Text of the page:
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Title: Mapping a buried bedrock valley in North field, Vermont, using geophysical methods

Abstract

A flat playing field at Norwich Univ. in central Vermont in the north flowing Dog River Valley, has bedrock exposed at slightly higher elevations on both the east and west sides. This study area is located within the Dog River fault zone in the easternmost unit of the Green Mountain Anticlinorium, just west of the Connecticut Valley--Gaspe Trough. Outcrops on the eastern edge of the field (Cram Hill formation) are dark gray to black phyllite with minor interbedded quartzite, all exhibiting well-developed salty cleavage (N15E, 85E) and a younger spaced crenulation cleavage. The western outcrops (Harlow Bridge quartzite) are light gray to green, dirty micaceous chloritic quartzite with primary cleavage trending N21E, 84W. The buried bedrock valley is filled with more than 20 m of magnetite-rich glaciolacustrine and ice-contact stream deposits consisting of pebbly sands and gravels under well-sorted fine- to medium-grained sands that accumulated first during ice retreat, then in glacial Lake Roxbury, and finally in glacial Lake Winooski. Efforts to locate the covered bedrock contact by magnetics revealed a positive anomaly trending parallel to regional strike (NNE) over the magnetite-rich sediments. A gravity study showed an elongated negative gravity anomaly mirroring the pattern of the magnetics. Seismic datamore » collected near the main axis of the buried valley revealed three distinct velocity layers. Stratigraphically, the top layer is undersaturated sands above the water table, the next layer is saturated sands and gravels, and the third layer is bedrock. Although the playing field surface slopes very gently toward the north (0.92[degree]), the seismic data shows that the water table slopes to the south at 0.51[degree] with depth increasing from 6.55 to 7.93 m, while the bedrock slopes at 1.28[degree], also to the south.« less

Authors:
; ; ; ; ; ; ;  [1]
  1. (Norwich Univ., North field, VT (United States). Dept. of Geology)
Publication Date:
OSTI Identifier:
5723461
Alternate Identifier(s):
OSTI ID: 5723461
Report Number(s):
CONF-9303211--
Journal ID: ISSN 0016-7592; CODEN: GAAPBC
Resource Type:
Conference
Journal Name:
Geological Society of America, Abstracts with Programs; (United States)
Additional Journal Information:
Journal Volume: 25:2; Conference: 28. annual Geological Society of America (GSA) Northeastern Section meeting, Burlington, VT (United States), 22-24 Mar 1993; Journal ID: ISSN 0016-7592
Country of Publication:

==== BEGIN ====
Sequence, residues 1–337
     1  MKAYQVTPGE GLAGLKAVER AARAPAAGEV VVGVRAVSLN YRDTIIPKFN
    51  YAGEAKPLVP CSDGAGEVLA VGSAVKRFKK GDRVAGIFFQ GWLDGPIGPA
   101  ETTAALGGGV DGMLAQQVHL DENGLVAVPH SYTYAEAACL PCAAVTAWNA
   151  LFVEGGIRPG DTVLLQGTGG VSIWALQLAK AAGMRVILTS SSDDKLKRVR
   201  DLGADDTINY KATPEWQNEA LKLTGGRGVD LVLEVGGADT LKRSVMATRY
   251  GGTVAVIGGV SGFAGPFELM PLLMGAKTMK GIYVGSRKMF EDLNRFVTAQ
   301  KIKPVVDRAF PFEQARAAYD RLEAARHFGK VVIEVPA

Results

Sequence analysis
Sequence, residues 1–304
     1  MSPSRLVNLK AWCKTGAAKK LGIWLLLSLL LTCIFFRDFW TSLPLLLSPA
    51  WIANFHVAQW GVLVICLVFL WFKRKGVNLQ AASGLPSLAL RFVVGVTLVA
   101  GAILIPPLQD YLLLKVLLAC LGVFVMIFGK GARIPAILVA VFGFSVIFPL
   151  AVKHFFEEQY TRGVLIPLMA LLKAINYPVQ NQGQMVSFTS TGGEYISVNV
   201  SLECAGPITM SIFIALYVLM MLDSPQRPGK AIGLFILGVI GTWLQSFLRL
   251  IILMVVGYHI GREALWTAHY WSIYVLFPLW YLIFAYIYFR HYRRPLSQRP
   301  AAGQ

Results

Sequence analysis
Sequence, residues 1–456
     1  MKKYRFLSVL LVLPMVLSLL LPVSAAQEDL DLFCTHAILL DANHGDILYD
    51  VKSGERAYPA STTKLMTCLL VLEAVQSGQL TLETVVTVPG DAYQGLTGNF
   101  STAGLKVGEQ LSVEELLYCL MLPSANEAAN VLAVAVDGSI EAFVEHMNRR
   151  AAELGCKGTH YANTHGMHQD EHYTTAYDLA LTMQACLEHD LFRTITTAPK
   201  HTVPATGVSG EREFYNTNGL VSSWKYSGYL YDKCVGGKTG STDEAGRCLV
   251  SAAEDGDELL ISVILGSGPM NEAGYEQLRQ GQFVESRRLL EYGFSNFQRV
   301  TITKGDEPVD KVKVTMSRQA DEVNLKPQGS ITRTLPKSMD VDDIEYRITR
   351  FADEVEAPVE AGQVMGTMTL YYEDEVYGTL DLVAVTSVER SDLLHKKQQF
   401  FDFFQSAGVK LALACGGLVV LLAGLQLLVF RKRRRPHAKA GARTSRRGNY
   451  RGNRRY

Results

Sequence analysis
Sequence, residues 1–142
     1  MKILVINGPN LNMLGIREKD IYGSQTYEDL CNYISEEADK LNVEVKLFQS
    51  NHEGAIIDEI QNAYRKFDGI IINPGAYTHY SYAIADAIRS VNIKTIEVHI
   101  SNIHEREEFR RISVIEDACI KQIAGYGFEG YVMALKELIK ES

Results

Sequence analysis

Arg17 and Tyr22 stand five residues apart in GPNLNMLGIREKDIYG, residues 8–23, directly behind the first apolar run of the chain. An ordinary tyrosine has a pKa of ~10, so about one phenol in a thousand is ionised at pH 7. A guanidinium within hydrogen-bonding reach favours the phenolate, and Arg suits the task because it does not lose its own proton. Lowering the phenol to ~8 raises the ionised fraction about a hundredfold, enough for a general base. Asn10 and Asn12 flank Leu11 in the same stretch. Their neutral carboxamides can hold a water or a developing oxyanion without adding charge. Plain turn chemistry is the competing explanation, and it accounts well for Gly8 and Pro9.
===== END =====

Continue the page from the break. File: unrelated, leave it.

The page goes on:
United States
Language:
English
Subject:
58 GEOSCIENCES; GEOLOGIC DEPOSITS; GEOLOGY; GEOPHYSICAL SURVEYS; GEOLOGIC STRUCTURES; DATA ANALYSIS; VERMONT; GROUND WATER; MAPPING; PETROLOGY; WATER TABLES; DEVELOPED COUNTRIES; HYDROGEN COMPOUNDS; NORTH AMERICA; OXYGEN COMPOUNDS; SURVEYS; USA; WATER 580000* -- Geosciences

Citation Formats

Geisler, R., Kluck, E., Lemaire, J., Montandon, S., Orton, D., Schultz, R., Sutherland, T., and Zera, J. Mapping a buried bedrock valley in North field, Vermont, using geophysical methods. United States: N. p., 1993. Web.
Geisler, R., Kluck, E., Lemaire, J., Montandon, S., Orton, D., Schultz, R., Sutherland, T., & Zera, J. Mapping a buried bedrock valley in North field, Vermont, using geophysical methods. United States.
Geisler, R., Kluck, E., Lemaire, J., Montandon, S., Orton, D., Schultz, R., Sutherland, T., and Zera, J. Mon . "Mapping a buried bedrock valley in North field, Vermont, using geophysical methods". United States.
@article{osti_5723461,
title = {Mapping a buried bedrock valley in North field, Vermont, using geophysical methods},
author = {Geisler, R. and Kluck, E. and Lemaire, J. and Montandon, S. and Orton, D. and Schultz, R. and Sutherland, T. and Zera, J.},
abstractNote = {A flat playing field at Norwich Univ. in central Vermont in the north flowing Dog River Valley, has bedrock exposed at slightly higher elevations on both the east and west sides. This study area is located within the Dog River fault zone in the easternmost unit of the Green Mountain Anticlinorium, just west of the Connecticut Valley--Gaspe Trough. Outcrops on the eastern edge of the field (Cram Hill formation) are dark gray to black phyllite with minor interbedded quartzite, all exhibiting well-developed salty cleavage (N15E, 85E) and a younger spaced crenulation cleavage. The western outcrops (Harlow Bridge quartzite) are light gray to green, dirty micaceous chloritic quartzite with primary cleavage trending N21E, 84W. The buried bedrock valley is filled with more than 20 m of magnetite-rich glaciolacustrine and ice-contact stream deposits consisting of pebbly sands and gravels under well-sorted fine- to medium-grained sands that accumulated first during ice retreat, then in glacial Lake Roxbury, and finally in glacial Lake Winooski. Efforts to locate the covered bedrock contact by magnetics revealed a positive anomaly trending parallel to regional strike (NNE) over the magnetite-rich sediments. A gravity study showed an elongated negative gravity anomaly mirroring the pattern of the magnetics. Seismic data collected near the main axis of the buried valley revealed three distinct velocity layers. Stratigraphically, the top layer is undersaturated sands above the water table, the next layer is saturated sands and gravels, and the third layer is bedrock. Although the playing field surface slopes very gently toward the north (0.92[degree]), the seismic data shows that the water table slopes to the south at 0.51[degree] with depth increasing from 6.55 to 7.93 m, while the bedrock slopes at 1.28[degree], also to the south.},
doi = {},
journal = {Geological Society of America, Abstracts with Programs; (United States)},
issn = {0016-7592},
number = ,
volume = 25:2,
place = {United States},
year = {1993},
month = {3}
}

Conference:
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